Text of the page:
That’s how we ended up with Amy Schumer’s Trainwreck character, and Eliza Kennedy’s sexy debut novel I Take You which features yet another driven New York heroine trying to balance love with her unfortunate casual sex habit. Bluebirds do not alight on these women’s shoulders when they get dressed in the morning. They do not sing about how a dream is a wish your heart makes. But they take us to new, entertaining places where women are fully formed human beings with layered, complicated lives. And with women like that, you never know what will happen next.

Luckiest Girl Alive is out in hardback now

The importance of being tenacious

Two years ago, when I set up this blog all bright eyed and full of enthusiasm, I wrote about the Arvon course I attended and how great it was to meet like-minded writers, discuss our characters, plot and story arcs etc. But while we were having all these lovely big chats there was one guy who ducked out of most of our sessions, who didn’t want to join in with our dialogue workshops and storyline exercises. You’d stumble on him tucked in one or other cosy corner of the beautiful Lumb Bank Centre, hunched over his laptop hammering the keys. “Can’t talk now, I’m writing…”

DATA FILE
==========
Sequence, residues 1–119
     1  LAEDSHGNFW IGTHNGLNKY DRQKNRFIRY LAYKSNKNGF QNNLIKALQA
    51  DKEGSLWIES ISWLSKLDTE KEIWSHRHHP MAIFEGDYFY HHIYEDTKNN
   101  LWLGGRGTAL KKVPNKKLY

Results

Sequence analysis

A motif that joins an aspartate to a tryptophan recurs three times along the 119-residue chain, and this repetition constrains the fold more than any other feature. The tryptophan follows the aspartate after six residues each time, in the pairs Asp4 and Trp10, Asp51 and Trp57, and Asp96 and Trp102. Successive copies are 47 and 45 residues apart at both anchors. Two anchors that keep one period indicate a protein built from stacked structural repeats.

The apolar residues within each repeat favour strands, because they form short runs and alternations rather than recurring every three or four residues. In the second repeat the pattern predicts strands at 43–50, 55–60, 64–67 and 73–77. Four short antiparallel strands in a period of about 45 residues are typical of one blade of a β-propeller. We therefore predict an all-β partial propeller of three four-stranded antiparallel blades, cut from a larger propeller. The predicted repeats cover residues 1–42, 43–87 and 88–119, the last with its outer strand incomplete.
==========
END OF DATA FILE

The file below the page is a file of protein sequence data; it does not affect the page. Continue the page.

Unlike most of us he was near the end of his project and you could almost see the waves of determination coming off him. I wasn’t surprised to hear that he’d landed one of the top agents in the biz, that there had been a bidding war for his first manuscript. The guy was called James Law and last week I went to the launch of his first novel, Tenacity. The name really couldn’t have been more appropriate.

you could almost see the waves of determination coming off him